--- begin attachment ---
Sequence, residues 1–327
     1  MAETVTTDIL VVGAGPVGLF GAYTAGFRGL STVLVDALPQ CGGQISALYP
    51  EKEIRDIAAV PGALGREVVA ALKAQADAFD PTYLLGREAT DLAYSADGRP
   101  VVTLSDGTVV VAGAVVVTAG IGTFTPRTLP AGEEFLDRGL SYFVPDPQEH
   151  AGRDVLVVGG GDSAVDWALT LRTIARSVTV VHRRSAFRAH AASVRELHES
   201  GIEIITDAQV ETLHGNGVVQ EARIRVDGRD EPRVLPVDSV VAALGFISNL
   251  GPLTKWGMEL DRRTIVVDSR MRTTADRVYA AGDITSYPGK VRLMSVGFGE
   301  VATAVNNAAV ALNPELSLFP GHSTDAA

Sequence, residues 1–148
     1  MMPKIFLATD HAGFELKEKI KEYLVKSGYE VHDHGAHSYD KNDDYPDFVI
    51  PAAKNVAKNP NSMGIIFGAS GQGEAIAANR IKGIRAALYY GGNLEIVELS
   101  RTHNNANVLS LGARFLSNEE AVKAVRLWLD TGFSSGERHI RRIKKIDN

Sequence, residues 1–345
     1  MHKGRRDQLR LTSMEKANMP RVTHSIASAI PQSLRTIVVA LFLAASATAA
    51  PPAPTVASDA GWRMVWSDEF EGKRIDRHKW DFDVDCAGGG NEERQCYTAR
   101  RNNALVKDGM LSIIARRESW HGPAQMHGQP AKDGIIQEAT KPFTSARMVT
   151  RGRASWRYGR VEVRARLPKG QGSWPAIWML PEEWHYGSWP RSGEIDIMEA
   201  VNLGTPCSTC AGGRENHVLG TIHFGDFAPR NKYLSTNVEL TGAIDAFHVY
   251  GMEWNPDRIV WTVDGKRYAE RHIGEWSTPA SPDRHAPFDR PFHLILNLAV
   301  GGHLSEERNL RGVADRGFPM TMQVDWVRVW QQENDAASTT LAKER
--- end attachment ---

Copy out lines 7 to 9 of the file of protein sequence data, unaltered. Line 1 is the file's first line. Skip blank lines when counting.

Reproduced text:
   251  GPLTKWGMEL DRRTIVVDSR MRTTADRVYA AGDITSYPGK VRLMSVGFGE
   301  VATAVNNAAV ALNPELSLFP GHSTDAA

Sequence, residues 1–148